This is despite the developers painting a rosy picture of the R1.3billion mall construction, announcing that it would be officially completed in eight months.
The traders' legal representative Louise Du Plessis, of Lawyers for Human Rights, said they were given “a preferential trial date for the contempt of court order in October”.
She said the case against the developers stemmed from their unwillingness to abide by the court order forcing them to provide sufficient containers for traders as an alternative trading space.
Disappointed traders approached the court last November to seek a legal remedy after Isibonelo failed to abide by the court order obtained against them in February last year.
In terms of the order, traders were expected to relocate from a trading space earmarked as a site for the mall construction after they had been provided with sufficient containers.
Meanwhile, some traders operated their small businesses amid the rubble and dust created by workers building the mall. They told the Pretoria News that they were left with no choice but to squat anywhere they could find the space.
Their leader, Mary Choma, this week said developers seemed to have forgotten that traders were still short of containers. “There is no communication forthcoming from them. They promised to give us more containers, but they never did. We have no choice but to squat wherever we are able to find a space.”
Choma said traders were constantly victimised by the developers who threatened to call police to remove them because they were obstructing construction work.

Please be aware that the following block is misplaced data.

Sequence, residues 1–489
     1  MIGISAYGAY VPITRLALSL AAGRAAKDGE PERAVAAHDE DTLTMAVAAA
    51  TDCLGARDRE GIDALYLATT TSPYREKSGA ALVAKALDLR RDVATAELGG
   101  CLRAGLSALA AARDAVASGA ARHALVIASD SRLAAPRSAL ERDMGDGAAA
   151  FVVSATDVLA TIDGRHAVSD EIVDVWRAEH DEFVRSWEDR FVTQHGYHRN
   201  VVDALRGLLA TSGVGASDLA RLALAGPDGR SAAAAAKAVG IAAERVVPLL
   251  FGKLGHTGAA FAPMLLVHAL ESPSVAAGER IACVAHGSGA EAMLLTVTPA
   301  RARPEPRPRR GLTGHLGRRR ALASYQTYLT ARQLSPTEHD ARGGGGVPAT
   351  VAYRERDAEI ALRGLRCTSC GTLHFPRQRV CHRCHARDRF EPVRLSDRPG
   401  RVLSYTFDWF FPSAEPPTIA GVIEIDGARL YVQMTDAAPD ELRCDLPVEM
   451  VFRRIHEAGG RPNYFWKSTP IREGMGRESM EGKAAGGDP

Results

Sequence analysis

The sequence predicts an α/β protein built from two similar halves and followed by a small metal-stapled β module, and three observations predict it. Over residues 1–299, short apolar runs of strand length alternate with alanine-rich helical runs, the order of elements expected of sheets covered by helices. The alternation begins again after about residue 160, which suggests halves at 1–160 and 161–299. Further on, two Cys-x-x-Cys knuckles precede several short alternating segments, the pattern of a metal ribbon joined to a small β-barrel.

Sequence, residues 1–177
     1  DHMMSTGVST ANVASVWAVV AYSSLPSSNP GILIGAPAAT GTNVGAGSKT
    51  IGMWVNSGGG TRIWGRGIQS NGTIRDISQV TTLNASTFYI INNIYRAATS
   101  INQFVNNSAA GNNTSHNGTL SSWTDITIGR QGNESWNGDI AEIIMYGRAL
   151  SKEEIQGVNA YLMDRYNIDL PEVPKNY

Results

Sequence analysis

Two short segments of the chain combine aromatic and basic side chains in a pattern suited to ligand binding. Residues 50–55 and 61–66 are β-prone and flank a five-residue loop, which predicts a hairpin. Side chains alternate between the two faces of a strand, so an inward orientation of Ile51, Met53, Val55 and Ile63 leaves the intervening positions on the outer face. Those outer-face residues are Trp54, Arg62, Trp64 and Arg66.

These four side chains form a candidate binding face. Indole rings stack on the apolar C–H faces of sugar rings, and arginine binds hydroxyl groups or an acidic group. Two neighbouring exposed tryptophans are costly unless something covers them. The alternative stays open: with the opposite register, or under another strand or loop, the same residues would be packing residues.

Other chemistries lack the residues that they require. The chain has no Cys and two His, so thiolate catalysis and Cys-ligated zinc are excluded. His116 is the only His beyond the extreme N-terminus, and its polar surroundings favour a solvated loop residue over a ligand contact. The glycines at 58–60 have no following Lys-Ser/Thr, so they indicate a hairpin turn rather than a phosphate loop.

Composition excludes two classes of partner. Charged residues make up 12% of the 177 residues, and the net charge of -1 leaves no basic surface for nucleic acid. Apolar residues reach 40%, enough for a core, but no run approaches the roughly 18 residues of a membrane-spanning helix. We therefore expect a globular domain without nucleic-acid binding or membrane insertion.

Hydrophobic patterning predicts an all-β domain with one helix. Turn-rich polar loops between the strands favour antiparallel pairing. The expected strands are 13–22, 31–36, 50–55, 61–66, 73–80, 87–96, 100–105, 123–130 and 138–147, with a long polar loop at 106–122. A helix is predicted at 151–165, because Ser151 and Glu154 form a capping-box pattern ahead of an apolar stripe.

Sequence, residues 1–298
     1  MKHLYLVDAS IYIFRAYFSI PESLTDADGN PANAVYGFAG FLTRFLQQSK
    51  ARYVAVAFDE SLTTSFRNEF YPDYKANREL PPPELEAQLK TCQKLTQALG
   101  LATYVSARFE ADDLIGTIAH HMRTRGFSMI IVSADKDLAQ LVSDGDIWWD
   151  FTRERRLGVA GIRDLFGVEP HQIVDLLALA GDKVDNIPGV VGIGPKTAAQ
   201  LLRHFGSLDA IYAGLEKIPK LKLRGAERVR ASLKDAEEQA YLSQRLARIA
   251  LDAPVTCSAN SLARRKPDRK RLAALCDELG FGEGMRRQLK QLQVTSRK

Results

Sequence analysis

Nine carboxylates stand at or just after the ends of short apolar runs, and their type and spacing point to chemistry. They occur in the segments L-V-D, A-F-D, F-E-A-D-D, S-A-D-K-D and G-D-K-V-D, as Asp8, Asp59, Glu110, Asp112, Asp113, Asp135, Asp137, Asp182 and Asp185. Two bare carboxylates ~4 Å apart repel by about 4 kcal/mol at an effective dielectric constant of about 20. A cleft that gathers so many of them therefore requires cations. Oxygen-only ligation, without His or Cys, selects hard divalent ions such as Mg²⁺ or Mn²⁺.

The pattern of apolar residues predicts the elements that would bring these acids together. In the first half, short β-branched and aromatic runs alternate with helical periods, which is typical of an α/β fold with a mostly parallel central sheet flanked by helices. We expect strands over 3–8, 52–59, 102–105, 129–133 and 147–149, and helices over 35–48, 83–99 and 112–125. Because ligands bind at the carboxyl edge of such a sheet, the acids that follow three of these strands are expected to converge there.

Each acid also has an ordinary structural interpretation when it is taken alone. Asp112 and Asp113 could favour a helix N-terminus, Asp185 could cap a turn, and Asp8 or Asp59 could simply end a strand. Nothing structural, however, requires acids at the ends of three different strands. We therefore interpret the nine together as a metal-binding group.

Traders previously said it was untrue that they were against the development, saying they were aggrieved by the bad treatment they received from developers, who had allegedly refused to respect the court order.
The court last year ordered that Isibonelo and the City provide informal traders with 20 containers by the end of November, but only 16 containers were delivered.
Last year, Du Plessis said: “Both Isibonelo and the City have failed to comply fully with the order with regard to the supply and delivery of containers.
“They have failed to comply at all with the other clauses of the court order once again. Their conduct not only demonstrates they do not care about the compromised position they have placed the traders in - traders who worked hard to make a modest honest income - but also demonstrates a flagrant disregard of the court and disrespect of the judiciary.”
Isibonelo boss Shadrack Mthethwa said the company complied with the court order by supplying traders with 25 containers, which were more than what the court ordered them to do.